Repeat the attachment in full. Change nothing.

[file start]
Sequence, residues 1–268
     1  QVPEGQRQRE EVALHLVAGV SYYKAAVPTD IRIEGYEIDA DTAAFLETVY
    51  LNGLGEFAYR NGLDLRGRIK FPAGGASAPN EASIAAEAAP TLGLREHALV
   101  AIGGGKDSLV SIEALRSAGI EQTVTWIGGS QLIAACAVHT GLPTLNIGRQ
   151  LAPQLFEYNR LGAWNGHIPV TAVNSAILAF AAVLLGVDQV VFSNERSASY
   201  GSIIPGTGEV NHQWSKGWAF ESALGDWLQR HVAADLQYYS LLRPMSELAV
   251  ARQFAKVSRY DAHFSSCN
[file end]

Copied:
Sequence, residues 1–268
     1  QVPEGQRQRE EVALHLVAGV SYYKAAVPTD IRIEGYEIDA DTAAFLETVY
    51  LNGLGEFAYR NGLDLRGRIK FPAGGASAPN EASIAAEAAP TLGLREHALV
   101  AIGGGKDSLV SIEALRSAGI EQTVTWIGGS QLIAACAVHT GLPTLNIGRQ
   151  LAPQLFEYNR LGAWNGHIPV TAVNSAILAF AAVLLGVDQV VFSNERSASY
   201  GSIIPGTGEV NHQWSKGWAF ESALGDWLQR HVAADLQYYS LLRPMSELAV
   251  ARQFAKVSRY DAHFSSCN